Today the government sets out plans to promote a standardisation approach to building infrastructure, which it has called a Platform Approach to Design for Manufacture and Assembly (P-DfMA)
This will see five central departments commit to using standardised and inter-operable components or systems from suppliers across different building types.
Under the plan, a single component or system would be specified where possible in both new schools, hospitals or prison buildings.
Whitehall procurement chiefs argue a common platform approach would capture efficiencies of scale, allowing government to leverage its buying power to accelerate change and innovation in construction.
Chief executive of the Infrastructure and Projects Authority, Tony Meggs said: “Government is the largest client for infrastructure projects so has an important role in using its purchasing power to drive improved productivity in their delivery.
“We recognise there is significant momentum within the sector to scale-up the adoption of more modern and innovative practices and it is the role of the IPA to help coordinate this approach across new infrastructure projects.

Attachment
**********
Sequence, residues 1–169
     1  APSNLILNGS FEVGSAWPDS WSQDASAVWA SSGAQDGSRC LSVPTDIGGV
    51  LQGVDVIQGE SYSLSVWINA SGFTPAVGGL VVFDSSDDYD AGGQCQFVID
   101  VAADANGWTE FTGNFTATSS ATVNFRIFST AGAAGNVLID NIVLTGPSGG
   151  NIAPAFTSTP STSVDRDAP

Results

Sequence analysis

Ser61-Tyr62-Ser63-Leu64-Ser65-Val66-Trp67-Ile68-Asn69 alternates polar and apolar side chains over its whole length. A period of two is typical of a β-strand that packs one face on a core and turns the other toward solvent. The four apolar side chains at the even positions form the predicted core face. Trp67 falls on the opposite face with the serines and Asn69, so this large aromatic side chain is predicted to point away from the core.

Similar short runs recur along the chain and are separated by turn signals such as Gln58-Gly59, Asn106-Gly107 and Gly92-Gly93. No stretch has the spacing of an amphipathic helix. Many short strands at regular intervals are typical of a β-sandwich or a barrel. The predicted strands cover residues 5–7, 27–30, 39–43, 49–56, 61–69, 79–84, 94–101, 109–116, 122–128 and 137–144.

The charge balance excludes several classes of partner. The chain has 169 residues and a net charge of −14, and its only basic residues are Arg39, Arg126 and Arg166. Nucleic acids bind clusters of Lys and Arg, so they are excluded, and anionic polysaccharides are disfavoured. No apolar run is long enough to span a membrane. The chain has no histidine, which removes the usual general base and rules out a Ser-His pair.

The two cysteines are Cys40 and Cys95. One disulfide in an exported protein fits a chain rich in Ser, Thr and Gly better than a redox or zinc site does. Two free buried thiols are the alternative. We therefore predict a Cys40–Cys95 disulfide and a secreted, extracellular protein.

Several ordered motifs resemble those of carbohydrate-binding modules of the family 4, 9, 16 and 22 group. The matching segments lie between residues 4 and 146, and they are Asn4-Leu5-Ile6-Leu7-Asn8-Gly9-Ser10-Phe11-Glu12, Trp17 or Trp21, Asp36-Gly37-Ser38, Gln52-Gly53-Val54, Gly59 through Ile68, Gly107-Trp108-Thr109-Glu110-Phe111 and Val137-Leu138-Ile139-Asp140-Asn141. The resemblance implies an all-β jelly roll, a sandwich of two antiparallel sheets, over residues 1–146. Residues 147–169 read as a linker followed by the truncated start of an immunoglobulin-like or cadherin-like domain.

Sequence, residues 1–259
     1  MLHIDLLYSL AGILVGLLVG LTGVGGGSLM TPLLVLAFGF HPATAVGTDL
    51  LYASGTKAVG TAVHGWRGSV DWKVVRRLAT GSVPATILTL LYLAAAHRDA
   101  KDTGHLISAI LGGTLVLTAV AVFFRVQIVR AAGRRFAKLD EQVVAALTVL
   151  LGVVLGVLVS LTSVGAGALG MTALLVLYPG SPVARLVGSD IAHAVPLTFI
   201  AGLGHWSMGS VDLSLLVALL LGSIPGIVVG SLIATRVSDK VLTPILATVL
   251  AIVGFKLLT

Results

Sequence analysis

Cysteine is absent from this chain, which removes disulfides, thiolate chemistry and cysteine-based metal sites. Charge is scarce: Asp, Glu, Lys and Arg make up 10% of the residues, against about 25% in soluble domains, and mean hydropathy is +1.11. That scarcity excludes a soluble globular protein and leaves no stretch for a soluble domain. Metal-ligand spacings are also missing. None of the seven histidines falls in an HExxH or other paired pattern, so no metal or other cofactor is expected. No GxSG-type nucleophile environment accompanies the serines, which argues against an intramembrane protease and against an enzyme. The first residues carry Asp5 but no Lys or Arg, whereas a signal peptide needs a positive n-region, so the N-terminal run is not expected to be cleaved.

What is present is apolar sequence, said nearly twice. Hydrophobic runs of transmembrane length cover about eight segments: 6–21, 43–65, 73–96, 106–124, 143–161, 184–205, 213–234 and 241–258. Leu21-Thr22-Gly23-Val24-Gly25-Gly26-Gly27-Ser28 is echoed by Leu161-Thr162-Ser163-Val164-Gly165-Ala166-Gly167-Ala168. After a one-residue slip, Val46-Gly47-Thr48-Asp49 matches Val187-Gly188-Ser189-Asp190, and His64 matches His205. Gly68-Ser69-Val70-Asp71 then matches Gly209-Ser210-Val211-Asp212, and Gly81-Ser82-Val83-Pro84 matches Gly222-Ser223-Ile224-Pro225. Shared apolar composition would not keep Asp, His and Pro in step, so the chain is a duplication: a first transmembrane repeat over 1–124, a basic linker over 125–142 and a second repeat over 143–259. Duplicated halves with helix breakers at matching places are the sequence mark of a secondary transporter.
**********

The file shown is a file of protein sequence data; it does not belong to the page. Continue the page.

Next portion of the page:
“We would like to hear from a range of industry experts on government’s proposals for a Platform Approach to Design for Manufacture and Assembly.”
These fresh proposals will build on Government’s new presumption in favour of offsite construction announced at Autumn Budget 2017.
The Government has committed to increasing use of these methods in public-funded projects and today asks for views on how to encourage greater use of these cutting-edge techniques.
It will be underpinned by significant further research to design, test, provide assurance for and develop the components, standards and practices needed.
Private housing is excluded from the scope of the plan although the Ministry for Housing is aiming for similar outcomes in the residential housing market.
The IPA is calling for feedback on the plan. The call for evidence will run for 12 weeks, closing on 17 February.